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@node Coding-system
@section Coding-system

@noindent
`coding-system' is a method for encoding several
character-sets and represented by a symbol which has
properties of 'coding-system and 'eol-type.

You can specify different coding-system on file I/O, process
I/O, output to terminal (if not running on X), input from
keyboard (if not running on X).


@menu
* Structure::   Structure of coding-system
	  o Property 'coding-system
	  o Property 'eol-type
	  o Property 'post-read-conversion
	  o Property 'pre-write-conversion
* Creation::   How to create coding-system?
* Predefined coding-system::
* Automatic conversion::
	  o Category of coding-system
	  o How automatic conversion works?
	  o Priority of category
* Mode-line::   How coding-system is shown in mode-line?::
* ISO2022 restriction::
* Big5::        Special treatment of Big5
@end menu

@node Structure
@subsection Structure of coding-system

@subsubsection Property 'coding-system

The value of the property 'coding-system is a vector:
@quotation
  [ TYPE MNEMONIC DOCUMENT DUMMY FLAGS ]
@end quotation
or the other coding-system.  Contents of the vector are:
@example
  TYPE:	nil: no conversion, t: automatic conversion,
	0:Internal, 1:Shift-JIS, 2:ISO2022, 3:Big5, 4:CCL.
  MNEMONIC: a character shown at mode-line to indicate the coding-system.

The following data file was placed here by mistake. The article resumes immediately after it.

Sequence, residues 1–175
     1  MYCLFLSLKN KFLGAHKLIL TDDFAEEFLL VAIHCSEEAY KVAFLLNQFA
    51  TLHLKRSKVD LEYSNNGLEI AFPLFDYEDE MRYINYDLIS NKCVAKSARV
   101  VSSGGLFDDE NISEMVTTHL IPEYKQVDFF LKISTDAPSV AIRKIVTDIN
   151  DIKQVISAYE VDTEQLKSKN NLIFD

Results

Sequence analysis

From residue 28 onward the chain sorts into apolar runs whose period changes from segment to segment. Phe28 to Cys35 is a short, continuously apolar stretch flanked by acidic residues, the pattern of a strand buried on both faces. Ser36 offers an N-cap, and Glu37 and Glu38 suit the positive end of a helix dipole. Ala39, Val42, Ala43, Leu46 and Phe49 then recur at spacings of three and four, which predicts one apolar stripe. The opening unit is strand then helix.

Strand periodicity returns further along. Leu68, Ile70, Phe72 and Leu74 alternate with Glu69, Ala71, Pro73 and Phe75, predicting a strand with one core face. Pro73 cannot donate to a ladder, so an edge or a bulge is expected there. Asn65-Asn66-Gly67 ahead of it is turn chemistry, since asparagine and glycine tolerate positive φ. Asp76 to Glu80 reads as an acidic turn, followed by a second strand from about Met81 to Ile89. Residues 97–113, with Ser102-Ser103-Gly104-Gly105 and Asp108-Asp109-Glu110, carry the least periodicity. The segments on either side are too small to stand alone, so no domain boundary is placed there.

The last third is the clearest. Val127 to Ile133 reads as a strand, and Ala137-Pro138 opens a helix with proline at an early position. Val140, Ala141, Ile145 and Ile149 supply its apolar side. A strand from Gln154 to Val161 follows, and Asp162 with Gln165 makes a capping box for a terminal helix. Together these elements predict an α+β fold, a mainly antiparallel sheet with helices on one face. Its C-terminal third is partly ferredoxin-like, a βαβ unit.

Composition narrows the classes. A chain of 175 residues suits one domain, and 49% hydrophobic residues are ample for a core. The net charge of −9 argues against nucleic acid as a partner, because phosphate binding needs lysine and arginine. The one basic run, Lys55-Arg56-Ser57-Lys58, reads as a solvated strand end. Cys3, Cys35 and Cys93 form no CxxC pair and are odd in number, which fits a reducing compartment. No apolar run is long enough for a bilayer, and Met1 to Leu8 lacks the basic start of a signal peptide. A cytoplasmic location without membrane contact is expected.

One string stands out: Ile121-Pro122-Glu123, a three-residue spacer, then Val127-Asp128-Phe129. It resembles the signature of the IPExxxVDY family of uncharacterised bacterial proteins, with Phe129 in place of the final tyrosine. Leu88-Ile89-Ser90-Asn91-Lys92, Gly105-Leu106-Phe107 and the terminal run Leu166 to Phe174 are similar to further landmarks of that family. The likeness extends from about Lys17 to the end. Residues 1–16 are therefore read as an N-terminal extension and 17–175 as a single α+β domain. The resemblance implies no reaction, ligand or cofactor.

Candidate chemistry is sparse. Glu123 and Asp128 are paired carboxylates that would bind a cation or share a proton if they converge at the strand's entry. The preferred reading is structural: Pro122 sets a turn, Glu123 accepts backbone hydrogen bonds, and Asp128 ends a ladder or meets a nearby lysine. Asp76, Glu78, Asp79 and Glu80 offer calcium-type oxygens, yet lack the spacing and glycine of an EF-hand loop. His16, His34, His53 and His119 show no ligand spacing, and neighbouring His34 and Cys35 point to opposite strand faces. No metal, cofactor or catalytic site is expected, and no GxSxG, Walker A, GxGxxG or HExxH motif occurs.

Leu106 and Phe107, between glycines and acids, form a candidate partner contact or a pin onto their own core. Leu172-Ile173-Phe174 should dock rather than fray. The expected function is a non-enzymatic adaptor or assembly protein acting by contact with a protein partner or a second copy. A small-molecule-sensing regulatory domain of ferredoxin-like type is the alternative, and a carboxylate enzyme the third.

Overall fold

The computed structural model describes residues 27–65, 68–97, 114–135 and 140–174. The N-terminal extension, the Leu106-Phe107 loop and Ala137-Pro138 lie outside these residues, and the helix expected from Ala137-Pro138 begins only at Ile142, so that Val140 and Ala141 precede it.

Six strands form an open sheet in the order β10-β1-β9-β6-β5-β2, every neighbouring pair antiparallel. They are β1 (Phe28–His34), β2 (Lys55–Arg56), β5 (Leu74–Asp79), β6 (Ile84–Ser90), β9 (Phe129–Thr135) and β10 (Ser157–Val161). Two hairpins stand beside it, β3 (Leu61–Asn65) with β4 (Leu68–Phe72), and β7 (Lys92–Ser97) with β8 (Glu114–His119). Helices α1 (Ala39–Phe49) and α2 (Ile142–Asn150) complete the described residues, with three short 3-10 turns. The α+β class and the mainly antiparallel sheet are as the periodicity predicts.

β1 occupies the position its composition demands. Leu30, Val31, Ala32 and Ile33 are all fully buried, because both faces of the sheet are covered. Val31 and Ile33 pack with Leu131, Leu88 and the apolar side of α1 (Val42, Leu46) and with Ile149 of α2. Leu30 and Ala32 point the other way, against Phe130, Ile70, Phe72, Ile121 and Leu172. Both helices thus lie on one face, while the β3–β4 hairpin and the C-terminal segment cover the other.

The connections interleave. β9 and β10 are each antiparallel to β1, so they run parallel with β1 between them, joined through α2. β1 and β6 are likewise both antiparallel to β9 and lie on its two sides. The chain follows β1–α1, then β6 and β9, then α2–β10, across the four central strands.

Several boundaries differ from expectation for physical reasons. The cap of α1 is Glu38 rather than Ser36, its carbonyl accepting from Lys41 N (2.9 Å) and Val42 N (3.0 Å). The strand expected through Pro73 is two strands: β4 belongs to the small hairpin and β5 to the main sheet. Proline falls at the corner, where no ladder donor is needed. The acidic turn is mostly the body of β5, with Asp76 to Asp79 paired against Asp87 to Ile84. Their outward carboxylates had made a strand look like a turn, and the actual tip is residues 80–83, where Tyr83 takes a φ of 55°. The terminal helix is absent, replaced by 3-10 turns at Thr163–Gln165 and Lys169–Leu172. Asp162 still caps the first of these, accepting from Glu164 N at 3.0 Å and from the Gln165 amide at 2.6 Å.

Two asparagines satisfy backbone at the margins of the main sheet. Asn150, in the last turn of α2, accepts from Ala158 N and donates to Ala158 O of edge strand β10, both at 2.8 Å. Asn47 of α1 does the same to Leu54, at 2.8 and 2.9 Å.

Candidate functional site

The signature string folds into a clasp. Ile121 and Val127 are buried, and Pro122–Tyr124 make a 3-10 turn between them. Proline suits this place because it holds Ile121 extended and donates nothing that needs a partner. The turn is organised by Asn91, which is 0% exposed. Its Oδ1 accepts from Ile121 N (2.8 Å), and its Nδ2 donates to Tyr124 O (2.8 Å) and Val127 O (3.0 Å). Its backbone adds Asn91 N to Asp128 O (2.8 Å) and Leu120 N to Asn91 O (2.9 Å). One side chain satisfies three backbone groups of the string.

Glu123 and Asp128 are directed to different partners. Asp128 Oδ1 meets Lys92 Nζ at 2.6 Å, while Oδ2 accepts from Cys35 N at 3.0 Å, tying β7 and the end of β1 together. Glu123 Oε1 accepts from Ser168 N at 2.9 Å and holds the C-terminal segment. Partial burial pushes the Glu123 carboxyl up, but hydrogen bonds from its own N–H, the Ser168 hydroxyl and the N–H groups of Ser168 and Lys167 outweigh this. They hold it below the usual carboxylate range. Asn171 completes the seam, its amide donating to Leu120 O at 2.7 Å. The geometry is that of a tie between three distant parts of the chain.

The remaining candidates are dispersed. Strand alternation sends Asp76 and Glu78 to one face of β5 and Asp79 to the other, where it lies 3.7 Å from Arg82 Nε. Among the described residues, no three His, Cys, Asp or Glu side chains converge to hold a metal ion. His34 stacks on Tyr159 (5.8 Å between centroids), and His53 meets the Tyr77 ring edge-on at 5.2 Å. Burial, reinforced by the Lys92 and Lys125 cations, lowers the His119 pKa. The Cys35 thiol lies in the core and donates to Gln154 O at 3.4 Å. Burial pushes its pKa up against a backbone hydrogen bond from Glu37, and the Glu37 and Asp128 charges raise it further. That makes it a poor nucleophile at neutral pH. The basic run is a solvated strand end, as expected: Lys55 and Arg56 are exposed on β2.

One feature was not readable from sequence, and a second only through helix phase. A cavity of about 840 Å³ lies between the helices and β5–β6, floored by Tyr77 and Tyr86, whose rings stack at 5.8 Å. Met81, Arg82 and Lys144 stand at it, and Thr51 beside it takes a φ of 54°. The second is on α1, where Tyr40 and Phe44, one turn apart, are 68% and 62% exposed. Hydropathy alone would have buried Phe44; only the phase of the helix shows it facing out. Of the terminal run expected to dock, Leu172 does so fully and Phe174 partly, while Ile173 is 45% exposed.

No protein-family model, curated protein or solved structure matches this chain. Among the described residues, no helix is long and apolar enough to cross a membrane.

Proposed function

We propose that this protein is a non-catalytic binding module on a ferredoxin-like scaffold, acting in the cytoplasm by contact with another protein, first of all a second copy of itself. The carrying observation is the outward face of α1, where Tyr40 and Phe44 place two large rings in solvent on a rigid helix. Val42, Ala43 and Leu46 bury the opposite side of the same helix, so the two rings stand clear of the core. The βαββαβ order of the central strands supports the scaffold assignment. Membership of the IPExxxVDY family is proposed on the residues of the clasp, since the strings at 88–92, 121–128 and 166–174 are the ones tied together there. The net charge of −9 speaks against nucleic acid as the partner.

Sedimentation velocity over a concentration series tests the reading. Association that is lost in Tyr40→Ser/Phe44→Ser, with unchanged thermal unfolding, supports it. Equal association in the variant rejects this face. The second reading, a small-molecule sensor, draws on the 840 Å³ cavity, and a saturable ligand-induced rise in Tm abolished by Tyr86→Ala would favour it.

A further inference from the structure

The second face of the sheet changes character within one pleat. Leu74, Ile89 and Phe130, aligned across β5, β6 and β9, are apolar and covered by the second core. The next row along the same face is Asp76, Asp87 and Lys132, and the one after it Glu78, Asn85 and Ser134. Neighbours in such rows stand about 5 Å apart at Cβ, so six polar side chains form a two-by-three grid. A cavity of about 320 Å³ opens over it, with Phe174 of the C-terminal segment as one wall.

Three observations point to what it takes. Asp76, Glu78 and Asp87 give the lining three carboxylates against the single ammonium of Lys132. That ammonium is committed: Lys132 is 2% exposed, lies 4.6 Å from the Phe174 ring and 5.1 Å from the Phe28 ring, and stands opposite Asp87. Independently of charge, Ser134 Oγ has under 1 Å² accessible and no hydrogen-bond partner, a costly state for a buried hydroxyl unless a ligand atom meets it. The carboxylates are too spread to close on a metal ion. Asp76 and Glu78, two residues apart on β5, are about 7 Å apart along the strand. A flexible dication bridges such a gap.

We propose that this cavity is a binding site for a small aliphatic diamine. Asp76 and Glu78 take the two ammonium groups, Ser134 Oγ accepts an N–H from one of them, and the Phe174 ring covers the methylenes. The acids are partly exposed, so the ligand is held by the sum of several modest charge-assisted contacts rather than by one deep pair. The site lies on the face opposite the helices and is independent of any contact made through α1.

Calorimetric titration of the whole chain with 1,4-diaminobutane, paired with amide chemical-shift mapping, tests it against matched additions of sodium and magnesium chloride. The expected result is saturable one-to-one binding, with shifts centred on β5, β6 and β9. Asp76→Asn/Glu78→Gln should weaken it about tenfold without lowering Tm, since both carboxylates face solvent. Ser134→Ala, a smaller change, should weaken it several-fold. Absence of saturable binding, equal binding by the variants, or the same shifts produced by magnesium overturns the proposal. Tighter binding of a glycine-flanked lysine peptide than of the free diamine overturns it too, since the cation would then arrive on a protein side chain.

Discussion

DOCUMENT: a describing documents for the coding-system.
  DUMMY: always nil (for backward compatibility)
  FLAGS (option): more precise information about the coding-system,
    If TYPE is 2 (ISO2022), FLAGS should be a list of:
      LB-G0, LB-G1, LB-G2, LB-G3:
	Leading character of charset initially designated to G? graphic set,
	nil means G? is not designated initially,
	lb-invalid means G? can never be designated to,
	if (- leading-char) is specified, it is designated on output,
      SHORT: non-nil - allow such as \"ESC $ B\", nil - always \"ESC $ \( B\",
      ASCII-EOL: non-nil - designate ASCII to g0 at end of line on output,
      ASCII-CNTL: non-nil - designate ASCII to g0 at control codes on output
      SEVEN: non-nil - use 7-bit environment on output,
      LOCK-SHIFT: non-nil - use locking-shift (SO/SI) instead of single-shift
	or designation by escape sequence,
      USE-ROMAN: non-nil - designate JIS0201-1976-Roman instead of ASCII,
      USE-OLDJIS: non-nil - designate JIS0208-1976 instead of JIS0208-1983,
      NO-ISO6429: non-nil - don't use ISO6429's direction specification,
  If TYPE is 3 (Big5), FLAGS `t' means Big5-ETen, `nil' means Big5-HKU,
  If TYPE is 4 (private), FLAGS should be a cons of CCL programs
    for encoding and decoding.  See documentation of CCL for more detail.
@end example

@subsubsection Property 'eol-type

The value of the property 'eol-type is:
  nil: no conversion for end-of-line type
  1:   LF
  2:   CRLF
  3:   CR
  vector of length 3: automatic detection of end-of-line type.
	1st element: coding-system of eol-type LF
	2nd element: coding-system of eol-type CRLF
	3rd element: coding-system of eol-type CR

@subsubsection Property 'post-read-conversion

The value of the property 'post-read-conversion is a
function to convert some text just read into a buffer.  When
the function is called, the text has already been converted
according to 'coding-system and 'eol-type of the
coding-system.  The argument of the function is the region
(START and END) of inserted text.

@subsection Property 'pre-write-conversion

The value of the property 'pre-write-conversion is a